But even beyond the top 10, there’s still plenty of receivers who could challenge for WR1 status; Tyreek Hill, Amari Cooper, T.Y. Hilton, and Brandin Cooks stand out as high-upside guys, and would anyone really be surprised if Larry Fitzgerald or Adam Thielen challenged for borderline WR1 status again?
Given the depth of competition surrounding Evans, I believe the biggest factor that separates him is his ceiling. Since 2014, Evans owns the single highest-scoring fantasy season of all the Tier 2 receivers mentioned above. And given his meager five touchdowns in 2017, he’s a great candidate for positive regression.
What ADP Tells Us
All time, the correlation between ADP and end-of-season fantasy performance for WR6-WR13 is a very strong -.81, meaning that based on historical averages for WR6, WR7, WR8, etc., ADP alone accounts for 81.82% of variance in fantasy performance. Translation: ADP has generally done a great job of determining who should be WR6 versus who should be WR13 (and all wide receivers in between).
However, over the past five years, this correlation has weakened incrementally. In fact, last year, WR6-WR13 yielded a .48 correlation when comparing ADP to end-of-season performance. This positive correlation is actually bad: It means that as ADP fell, wide receiver performance increased. Last year, WR10-WR13 outperformed WR6-WR9, continuing the trend of ADP’s weakened predictive viability in this range over the past five years.
If we are indeed losing our edge at differentiating between WR6 and WR13, then I would argue it is in our best interests to target the player with the highest overall ceiling. That would be Evans.
Evans’ Alternatives Have Issues, Too
It’s not like Evans is the only top wide receiver with uncertainty entering 2018:
- Green is still great, but he’s not necessarily the elite, top-five caliber receiver he used to be. Furthermore, the Bengals offense was pretty mediocre in 2017, and Andy Dalton seems to have plateaued.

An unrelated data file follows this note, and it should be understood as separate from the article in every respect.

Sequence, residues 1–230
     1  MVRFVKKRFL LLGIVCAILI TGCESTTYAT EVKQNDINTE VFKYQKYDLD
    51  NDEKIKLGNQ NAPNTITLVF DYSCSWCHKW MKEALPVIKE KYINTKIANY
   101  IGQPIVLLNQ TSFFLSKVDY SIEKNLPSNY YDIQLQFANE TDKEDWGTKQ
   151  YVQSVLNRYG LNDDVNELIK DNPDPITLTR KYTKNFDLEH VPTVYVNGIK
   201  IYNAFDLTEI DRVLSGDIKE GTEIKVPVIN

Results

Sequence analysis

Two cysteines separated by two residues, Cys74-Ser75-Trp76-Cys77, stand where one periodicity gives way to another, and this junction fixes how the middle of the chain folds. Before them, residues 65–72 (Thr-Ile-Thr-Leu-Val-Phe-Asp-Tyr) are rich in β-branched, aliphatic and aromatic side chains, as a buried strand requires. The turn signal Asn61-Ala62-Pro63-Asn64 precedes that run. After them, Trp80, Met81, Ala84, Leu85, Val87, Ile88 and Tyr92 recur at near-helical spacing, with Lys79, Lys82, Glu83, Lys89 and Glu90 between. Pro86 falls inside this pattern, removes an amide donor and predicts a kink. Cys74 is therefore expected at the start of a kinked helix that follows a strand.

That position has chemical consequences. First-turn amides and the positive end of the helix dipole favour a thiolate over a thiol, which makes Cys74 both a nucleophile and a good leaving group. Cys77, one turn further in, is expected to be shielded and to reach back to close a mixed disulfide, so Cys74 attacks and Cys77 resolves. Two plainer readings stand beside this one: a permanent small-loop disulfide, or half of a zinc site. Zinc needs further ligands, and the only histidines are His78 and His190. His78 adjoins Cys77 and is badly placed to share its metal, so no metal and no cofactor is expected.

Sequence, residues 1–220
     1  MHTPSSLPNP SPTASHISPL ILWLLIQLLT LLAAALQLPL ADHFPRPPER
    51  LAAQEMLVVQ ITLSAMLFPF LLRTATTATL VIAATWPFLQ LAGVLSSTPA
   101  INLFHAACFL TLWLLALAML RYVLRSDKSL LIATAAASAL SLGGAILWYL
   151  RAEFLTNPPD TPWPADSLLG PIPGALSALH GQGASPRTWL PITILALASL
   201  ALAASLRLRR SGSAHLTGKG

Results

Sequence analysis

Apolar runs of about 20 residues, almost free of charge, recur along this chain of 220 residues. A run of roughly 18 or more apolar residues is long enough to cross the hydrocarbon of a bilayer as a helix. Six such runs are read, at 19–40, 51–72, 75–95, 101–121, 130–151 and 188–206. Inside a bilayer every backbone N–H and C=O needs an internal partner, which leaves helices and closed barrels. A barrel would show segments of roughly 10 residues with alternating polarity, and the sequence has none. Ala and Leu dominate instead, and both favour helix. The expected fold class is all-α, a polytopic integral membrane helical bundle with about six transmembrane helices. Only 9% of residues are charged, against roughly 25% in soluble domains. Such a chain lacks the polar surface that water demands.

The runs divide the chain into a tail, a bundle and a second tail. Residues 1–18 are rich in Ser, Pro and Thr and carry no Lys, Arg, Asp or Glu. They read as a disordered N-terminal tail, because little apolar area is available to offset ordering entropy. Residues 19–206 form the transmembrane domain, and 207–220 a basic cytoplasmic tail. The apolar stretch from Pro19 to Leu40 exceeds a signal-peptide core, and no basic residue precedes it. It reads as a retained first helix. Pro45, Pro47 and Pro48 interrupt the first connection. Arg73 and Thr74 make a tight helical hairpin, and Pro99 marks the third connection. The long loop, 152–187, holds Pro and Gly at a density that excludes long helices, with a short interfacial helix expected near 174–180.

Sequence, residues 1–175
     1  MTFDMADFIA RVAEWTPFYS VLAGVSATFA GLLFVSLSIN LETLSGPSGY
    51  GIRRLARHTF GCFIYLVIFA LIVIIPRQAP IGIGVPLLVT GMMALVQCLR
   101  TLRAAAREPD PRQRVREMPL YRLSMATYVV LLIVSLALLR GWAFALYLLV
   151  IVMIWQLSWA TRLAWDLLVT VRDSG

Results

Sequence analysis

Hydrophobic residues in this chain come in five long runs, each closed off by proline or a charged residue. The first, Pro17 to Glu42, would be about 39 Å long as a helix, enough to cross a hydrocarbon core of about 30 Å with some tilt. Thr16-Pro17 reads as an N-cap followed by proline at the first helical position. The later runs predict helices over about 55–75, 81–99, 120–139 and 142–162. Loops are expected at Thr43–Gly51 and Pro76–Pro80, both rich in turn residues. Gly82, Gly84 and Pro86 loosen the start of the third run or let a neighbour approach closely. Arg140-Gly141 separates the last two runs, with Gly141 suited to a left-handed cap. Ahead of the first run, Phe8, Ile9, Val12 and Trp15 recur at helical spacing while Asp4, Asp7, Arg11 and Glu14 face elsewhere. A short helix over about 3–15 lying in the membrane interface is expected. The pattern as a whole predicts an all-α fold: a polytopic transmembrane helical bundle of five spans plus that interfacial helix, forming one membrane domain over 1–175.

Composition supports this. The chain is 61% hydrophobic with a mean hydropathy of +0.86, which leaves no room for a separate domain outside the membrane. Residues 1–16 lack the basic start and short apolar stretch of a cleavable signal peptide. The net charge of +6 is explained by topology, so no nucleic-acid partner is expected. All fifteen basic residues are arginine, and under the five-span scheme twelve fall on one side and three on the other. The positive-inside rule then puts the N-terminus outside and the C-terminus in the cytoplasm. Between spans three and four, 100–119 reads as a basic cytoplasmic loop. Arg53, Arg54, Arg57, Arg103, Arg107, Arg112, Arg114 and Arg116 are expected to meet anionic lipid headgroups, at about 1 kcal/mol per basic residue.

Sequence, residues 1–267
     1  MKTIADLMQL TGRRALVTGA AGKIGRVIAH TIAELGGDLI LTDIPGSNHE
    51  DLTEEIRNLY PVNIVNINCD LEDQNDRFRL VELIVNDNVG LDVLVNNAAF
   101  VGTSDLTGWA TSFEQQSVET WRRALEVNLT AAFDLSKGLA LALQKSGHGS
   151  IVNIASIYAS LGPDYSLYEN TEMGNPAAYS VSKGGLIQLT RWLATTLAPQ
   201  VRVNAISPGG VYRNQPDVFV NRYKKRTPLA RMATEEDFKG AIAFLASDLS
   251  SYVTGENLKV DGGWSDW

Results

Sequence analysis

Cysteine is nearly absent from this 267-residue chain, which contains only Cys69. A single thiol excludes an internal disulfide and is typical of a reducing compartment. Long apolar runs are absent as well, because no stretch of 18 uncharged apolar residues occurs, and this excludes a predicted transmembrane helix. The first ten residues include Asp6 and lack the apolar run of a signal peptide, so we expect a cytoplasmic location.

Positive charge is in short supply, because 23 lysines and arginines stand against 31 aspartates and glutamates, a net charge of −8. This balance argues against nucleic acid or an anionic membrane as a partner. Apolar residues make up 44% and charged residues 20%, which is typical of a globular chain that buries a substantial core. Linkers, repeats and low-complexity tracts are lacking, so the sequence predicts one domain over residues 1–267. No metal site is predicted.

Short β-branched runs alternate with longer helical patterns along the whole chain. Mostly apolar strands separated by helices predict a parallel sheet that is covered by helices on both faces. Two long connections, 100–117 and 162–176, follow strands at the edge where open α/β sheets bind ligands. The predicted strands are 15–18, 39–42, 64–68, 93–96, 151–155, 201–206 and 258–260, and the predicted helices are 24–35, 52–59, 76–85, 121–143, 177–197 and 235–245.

- Cooks is worrisome because the Sammy Watkins experiment didn’t work out great from a fantasy perspective, and going from Drew Brees and Tom Brady to Jared Goff could also result in a drop in production.
- Allen, when healthy, has looked like a top-five receiver in the league. Unfortunately, he hasn’t always stayed healthy, missing 23 of a possible 32 games before managing to appear in all 16 last season. Fair or not, Allen’s injury risk is the most significant among any receiver in Evans’ company.
- Baldwin regressed slightly in 2016 and 2017 after his 2015 breakout campaign. On top of that, Seattle brought in Brian Schottenheimer this offseason as their new offensive coordinator, and he’s an old-school, run-between-the-tackles coordinator who’s likely to slow the overall pace of play in Seattle.
Given all the variables discussed above, WR9 feels rather appropriate for Evans. If you draft him in 2018, you’re drafting a guy who has proven his ability to single-handedly win you a week in a head-to-head or DFS matchup. However, you need to temper your expectations appropriately, understanding that anyone in his tier is likely to produce some sub-par weeks. Nonetheless, Evans’ ceiling alone warrants preferred consideration in this crowded tier.
Photo credit: Reinhold Matay – USA TODAY Sports
Pictured above: Mike Evans